Plants make life possible on Earth.
They capture the sun’s energy and transform it, like a giant Photovoltaic Solar Panel, into a battery of stored energy we call food. We eat the food and convert it back into energy – to work, play, move, and even to think and feel.
Every culture has its favorite foods. Therefore, their favorite plants which they cultivate and gather. Of course, plants are needed for much more than just food. They are used for building, fuel, clothing, and a multitude of essential functions. Some are just for delight, like beautiful flowers with delightful fragrances or plants with cultural or spiritual value. And the list goes on.
Canoe Plants are the foundation plants that came to Hawai’i to sustain and nourish the first island settlers. They occupied precious space on the first canoes. Additionally, particular animals were chosen to help establish in their new home. These plants and animals were used for survival along the way, for cultural reasons, and for propagation and cultivation by their future generations.
…people courageous enough to load up their hand carved wa’a kaulua (double-hulled wooden canoes) with plants, animals, and people and set sail into the unknown? For a voyage of at least 2,400 miles.
Using their skills, the night sky, faith in their Gods, plus a dream to guide them, they were able to find their way to the mountainous land of rainbows, the Hawaiian Islands.
There are over 24 Canoe Plants
Hawaiians believe in Kinolau* when Akua (a God) physically manifests in the form of a plant or animal. Many Canoe Plants are associated with their own specific Kinolau. These Kinolau give Hawaiians sustenance, building materials, and ceremonial objects.
Canoe Plants included:
Edible Plants, Helpful Plants and Ceremonial Plants
Today, we will explore 3 crucial edible plants.
Keep in mind that many canoe plants cross over into more than one category. Although we chat today about edible plants, you will see how each plant has many important uses.
To honor the highest of high, we start with the Kalo plant.
Traditionally, Kalo is most well known for Poi. The kalo korm is pounded to create poi. The ‘ohana* ritual is maintained by passing around the ‘umeke* filled with poi. A ceremony that brings people together and enhances the gratitude of the ‘aumakua*.
We spoke of using an ‘umeke earlier in our blog on the ritual of Ho’oponopono.
Kalo can be grown in small water filled ponds which are called lo’i*. These shallow ponds are similar in some ways to rice paddies. In addition to wetland kalo, there are also quite a few dry land varieties.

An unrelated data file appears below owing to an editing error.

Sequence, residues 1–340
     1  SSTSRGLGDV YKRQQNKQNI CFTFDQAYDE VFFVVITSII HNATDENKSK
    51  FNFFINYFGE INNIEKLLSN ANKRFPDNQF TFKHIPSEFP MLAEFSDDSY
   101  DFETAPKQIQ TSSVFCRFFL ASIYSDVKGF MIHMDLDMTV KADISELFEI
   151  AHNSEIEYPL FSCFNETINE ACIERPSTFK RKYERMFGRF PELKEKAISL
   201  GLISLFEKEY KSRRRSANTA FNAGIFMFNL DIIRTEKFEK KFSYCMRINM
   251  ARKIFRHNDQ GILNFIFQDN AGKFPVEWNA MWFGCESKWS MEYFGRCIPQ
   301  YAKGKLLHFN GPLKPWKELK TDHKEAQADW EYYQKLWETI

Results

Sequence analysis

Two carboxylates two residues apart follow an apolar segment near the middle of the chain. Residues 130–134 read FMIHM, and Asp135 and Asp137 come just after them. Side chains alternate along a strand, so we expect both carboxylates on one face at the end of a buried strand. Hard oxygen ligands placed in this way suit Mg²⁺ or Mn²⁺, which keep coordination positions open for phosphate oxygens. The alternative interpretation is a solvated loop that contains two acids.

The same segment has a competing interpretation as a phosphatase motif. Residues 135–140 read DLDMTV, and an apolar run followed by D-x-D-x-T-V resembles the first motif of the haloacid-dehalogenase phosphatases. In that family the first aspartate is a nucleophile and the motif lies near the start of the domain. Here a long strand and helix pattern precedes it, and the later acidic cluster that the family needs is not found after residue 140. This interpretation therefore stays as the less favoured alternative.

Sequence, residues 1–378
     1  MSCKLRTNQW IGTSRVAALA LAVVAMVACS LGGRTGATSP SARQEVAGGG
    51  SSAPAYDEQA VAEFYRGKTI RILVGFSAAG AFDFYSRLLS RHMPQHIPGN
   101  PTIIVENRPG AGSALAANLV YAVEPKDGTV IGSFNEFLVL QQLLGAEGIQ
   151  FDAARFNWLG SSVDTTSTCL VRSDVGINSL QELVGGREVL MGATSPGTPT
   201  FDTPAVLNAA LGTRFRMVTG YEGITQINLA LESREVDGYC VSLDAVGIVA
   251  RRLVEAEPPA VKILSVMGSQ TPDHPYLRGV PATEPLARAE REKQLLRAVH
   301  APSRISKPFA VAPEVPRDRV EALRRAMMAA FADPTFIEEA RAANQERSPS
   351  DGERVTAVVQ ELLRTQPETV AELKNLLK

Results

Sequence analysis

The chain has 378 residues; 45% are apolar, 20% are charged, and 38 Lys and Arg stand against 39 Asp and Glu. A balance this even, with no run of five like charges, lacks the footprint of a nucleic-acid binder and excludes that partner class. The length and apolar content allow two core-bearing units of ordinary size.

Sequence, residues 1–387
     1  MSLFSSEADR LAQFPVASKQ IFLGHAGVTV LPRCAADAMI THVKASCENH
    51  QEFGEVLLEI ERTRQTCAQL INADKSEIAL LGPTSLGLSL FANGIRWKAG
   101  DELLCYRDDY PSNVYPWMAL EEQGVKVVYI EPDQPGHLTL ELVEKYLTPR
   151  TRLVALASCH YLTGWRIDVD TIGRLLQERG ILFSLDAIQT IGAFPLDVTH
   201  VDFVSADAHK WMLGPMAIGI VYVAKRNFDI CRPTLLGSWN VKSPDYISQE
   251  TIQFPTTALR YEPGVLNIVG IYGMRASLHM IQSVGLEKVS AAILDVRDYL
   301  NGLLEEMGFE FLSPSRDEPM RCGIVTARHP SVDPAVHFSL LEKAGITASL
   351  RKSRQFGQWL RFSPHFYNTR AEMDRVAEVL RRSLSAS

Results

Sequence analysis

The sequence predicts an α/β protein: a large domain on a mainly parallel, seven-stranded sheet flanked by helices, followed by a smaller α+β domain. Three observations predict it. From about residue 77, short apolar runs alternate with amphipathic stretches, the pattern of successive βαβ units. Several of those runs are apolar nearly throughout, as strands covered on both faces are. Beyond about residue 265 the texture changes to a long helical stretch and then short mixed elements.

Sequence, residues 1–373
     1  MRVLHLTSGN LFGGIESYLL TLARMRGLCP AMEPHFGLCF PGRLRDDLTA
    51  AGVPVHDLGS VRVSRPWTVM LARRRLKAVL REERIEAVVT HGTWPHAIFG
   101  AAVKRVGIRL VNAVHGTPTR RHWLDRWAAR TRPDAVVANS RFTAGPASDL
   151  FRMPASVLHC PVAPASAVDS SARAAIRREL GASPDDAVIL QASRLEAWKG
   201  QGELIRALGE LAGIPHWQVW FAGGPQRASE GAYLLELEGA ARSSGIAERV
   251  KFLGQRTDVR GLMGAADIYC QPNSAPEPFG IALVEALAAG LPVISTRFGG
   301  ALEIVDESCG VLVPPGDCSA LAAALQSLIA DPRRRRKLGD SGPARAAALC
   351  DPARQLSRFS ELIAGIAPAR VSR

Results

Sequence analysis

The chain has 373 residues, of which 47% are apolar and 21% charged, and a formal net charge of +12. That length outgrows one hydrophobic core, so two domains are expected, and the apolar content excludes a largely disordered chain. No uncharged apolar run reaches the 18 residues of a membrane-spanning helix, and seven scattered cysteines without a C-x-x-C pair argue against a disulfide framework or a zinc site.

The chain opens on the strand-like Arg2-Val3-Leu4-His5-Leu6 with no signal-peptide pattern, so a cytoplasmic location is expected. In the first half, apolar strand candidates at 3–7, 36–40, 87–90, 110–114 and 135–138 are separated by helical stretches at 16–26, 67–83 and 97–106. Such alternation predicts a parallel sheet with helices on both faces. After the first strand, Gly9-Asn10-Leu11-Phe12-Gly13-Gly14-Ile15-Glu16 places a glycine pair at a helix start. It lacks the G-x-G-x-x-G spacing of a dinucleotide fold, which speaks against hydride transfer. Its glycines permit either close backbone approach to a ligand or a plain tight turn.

The whole plant is edible and delicious. The small shoots or suckers coming off the main plant are called huli and are separated and planted during the propagation of new lo’i.
The leaves are cooked well and can remind us of cooked spinach or beet greens. They contain healthy amounts of vitamins A, B and C, calcium, iron, and riboflavin.
The korm can be baked, boiled, or roasted. Our favorite way to eat the korm is smothered in coconut cream.
Some medicinal uses of Kalo:
- Poi can be used for settling the stomach
- The stem can be rubbed on an insect bite or utilized to stop surface bleeding
- A poultice of the leaf is used for swelling from an injury or infections when mixed with Hawaiian Salt
- Rich, black mud from the lo’i was used as a black dye for lauhala* or kapa* cloth
Kāne is the Kinolau of Kalo
The God Kāne plays a significant role in everyday life of Hawai’i and it’s people. Kāne is paired with the forces of nature that give life. He physically manifests as the sunlight and the freshwater. And, as the kalo, one of the main staple foods of the Hawaiian people.
‘Uala – The versatile Sweet Potato – a natural Power Bar
At one time there were over 200 varieties of ‘uala grown in Hawai’i
The cultivation of ‘uala was one of the only agricultural practices shared by both men and women.
It can grow from sea level to 5000 feet up the mountain. This is one reason why there were so many varieties in the past. It adapted to a huge range of microclimates in the islands.